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Total: 59 | Page: 1 2 3 4 5 6
Magazine stands are stuffed with Bust, Venus, Nylon and any number of mixed-interest hipster rags that include fashion spreads. This explosion, I think, can be fairly attributed to the rise in crafting and the proliferation of independent small labels and boutiques, both on the street and online. Which all sounds great, right? Except it's become dreadfully boring. Nature motifs, chunky knits, ... Continue Reading

Posted: January 19th, 2007

Cupcakes are inescapable these days. Ever since Carrie Bradshaw nibbled a Magnolia Bakery cupcake on Sex and the City, this snack once reserved for 1st grade birthday-treats-for-the-class has become the hippest member of the baked good family. A search of “cupcake” on Amazon returns such titles as Crazy About Cupcakes, 500 Cupcakes, Hey There, Cupcake!, Cupcakes Year-Round—the list goes on. Among ... Continue Reading

Posted: January 15th, 2007

Most of the women (and handful of men) who write for BITCH came up during an era in pop culture that I barely remember; the early '90s offered bisexual Kurt Cobain in a dress, a surge of female musicians fed up with a mostly male punk scene, and straight, butch women like Cheers' Carla and Roseanne Barr, who got sex, love, and respect without reaching for lip gloss. It was an era that widely assu ... Continue Reading

Posted: January 7th, 2007

I've always held that the single thread that binds all writers is truth. Whether prose, poetry, fiction, nonfiction, speculative, slipstream, whatever, writers strive to instill a modicum of truth in their final products, something relatable. Fiction, certainly, is saddled with the additional challenge of delivering truth at the expense of fact: these events never happened, and these people do n ... Continue Reading

Posted: January 3rd, 2007

Do we really need a nine eleven novel? After all of the public grief, healing, commission hearings, justice, and vengeance, not to mention the bombastic chronicling, what is there left to say about America’s sacred cow? That we ‘feel bad?’ And am I the only one who thought Jonathan Safran Foer’s second novel was Extremely Sappy and Incredibly Melodramatic? Five years after, Jess Walter, auth ... Continue Reading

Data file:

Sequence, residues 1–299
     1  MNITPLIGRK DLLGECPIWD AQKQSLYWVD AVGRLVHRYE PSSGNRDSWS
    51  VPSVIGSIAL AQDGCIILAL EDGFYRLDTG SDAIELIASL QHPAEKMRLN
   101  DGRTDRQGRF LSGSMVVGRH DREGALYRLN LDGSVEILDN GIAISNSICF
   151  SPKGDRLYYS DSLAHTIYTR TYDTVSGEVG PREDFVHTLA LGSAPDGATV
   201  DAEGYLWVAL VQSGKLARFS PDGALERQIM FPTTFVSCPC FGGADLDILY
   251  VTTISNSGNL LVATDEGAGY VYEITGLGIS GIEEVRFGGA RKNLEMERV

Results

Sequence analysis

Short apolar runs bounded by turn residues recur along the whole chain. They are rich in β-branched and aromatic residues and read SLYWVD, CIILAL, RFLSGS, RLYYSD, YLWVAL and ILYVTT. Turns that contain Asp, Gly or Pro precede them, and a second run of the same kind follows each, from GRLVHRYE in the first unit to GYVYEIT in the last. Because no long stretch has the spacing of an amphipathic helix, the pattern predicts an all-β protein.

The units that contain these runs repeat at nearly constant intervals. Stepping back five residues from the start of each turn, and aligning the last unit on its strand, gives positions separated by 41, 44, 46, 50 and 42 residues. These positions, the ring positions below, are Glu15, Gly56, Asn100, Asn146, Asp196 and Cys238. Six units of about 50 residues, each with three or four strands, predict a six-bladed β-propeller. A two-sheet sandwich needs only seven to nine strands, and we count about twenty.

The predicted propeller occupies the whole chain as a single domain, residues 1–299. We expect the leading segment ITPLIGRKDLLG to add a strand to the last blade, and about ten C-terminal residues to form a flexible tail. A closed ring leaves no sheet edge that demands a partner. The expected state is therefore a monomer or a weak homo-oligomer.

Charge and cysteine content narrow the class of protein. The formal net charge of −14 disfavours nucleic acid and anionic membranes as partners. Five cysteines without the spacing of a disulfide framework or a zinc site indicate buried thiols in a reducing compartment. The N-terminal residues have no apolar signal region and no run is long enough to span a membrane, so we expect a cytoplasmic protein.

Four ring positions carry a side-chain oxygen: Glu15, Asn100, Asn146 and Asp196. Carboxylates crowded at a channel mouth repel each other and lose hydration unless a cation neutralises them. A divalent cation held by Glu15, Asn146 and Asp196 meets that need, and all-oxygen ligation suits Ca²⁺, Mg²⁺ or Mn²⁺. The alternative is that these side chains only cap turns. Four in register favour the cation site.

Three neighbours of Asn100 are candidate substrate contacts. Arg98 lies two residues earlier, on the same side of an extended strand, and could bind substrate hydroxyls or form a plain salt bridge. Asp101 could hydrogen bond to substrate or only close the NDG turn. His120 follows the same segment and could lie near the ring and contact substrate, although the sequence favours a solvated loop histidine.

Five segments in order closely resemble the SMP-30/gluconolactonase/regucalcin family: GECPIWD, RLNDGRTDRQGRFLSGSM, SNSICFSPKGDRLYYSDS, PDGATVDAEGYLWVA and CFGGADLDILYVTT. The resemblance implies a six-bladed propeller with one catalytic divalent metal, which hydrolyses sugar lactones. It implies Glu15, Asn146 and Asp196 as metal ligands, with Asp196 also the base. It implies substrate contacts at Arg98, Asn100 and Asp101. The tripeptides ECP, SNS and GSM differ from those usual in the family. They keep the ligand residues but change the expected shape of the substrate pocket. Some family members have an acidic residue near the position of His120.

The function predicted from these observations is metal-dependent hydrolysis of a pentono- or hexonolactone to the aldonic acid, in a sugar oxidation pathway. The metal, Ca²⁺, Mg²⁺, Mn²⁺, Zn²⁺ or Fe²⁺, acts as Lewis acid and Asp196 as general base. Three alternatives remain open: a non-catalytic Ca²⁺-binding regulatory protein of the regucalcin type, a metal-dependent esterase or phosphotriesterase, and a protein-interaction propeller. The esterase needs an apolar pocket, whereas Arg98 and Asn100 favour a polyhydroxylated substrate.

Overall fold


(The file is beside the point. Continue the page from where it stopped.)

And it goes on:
Posted: January 2nd, 2007

Reading Courtney Eldridge's collection of short fiction, Unkempt, I'm struck by the same old dilemma--do I review the book as a whole, or examine each story as an end in itself? As a whole product, it's short (seven stories and one novella), and terribly unwieldy. Eldridge writes in a single voice, one punctuated with "like" and "you know," whether that character is a middle-aged Midwesterner or ... Continue Reading

Posted: December 28th, 2006

A good noir is often like an autopsied mystery, with all the gory bits on display, weighed and measured, to arrive at some kind of truth about humanity. Usually that it sucks. Remove the flawless, virtuous detective and replace him or her with a struggling antihero. Trade exotic locals for a staid backdrop of urban decay. Hit the dimmer switch. Add a dash of cultic slang. That's noir. Full ... Continue Reading

Posted: December 14th, 2006

I first came across Dream Whip, through its tenth issue, when I was living in my parent's house in small town Maryland. This was six or so years ago, during a time when I was embarking on my first significant road trips, and Dream Whip fueled my daydreams of exploring further than Philly, New York or Toronto. I wanted to go west, as Bill Brown does, in his seemingly endless voyages throughout th ... Continue Reading

Posted: December 5th, 2006

Julie/Julia is based on Powell's blog, which chronicled her attempt to complete every recipe in Julia Child's Mastering the Art of French Cooking in one year. Facing thirty, bored by rotating temp jobs, and contemplating having a child, Powell sets up an interesting premise about a modern woman grasping for simplicity and meaning through food. Unfortunately, she makes many mistakes in her pres ... Continue Reading

Posted: December 4th, 2006

I met Michael LaRiccia at this year's Small Press Expo and spying my press badge, he offered the first installment of his graphic novel, Black Mane, for review. I flipped through the slim volume, half-listening to his spiel (everyone has a spiel at SPX) until I heard 'male violence'. Perking up, wondering if I somehow radiated FEMINIST, I noticed LaRiccia, unlike many of the vendors I had encou ... Continue Reading

Posted: November 29th, 2006

Total: 59 | Page: 1 2 3 4 5 6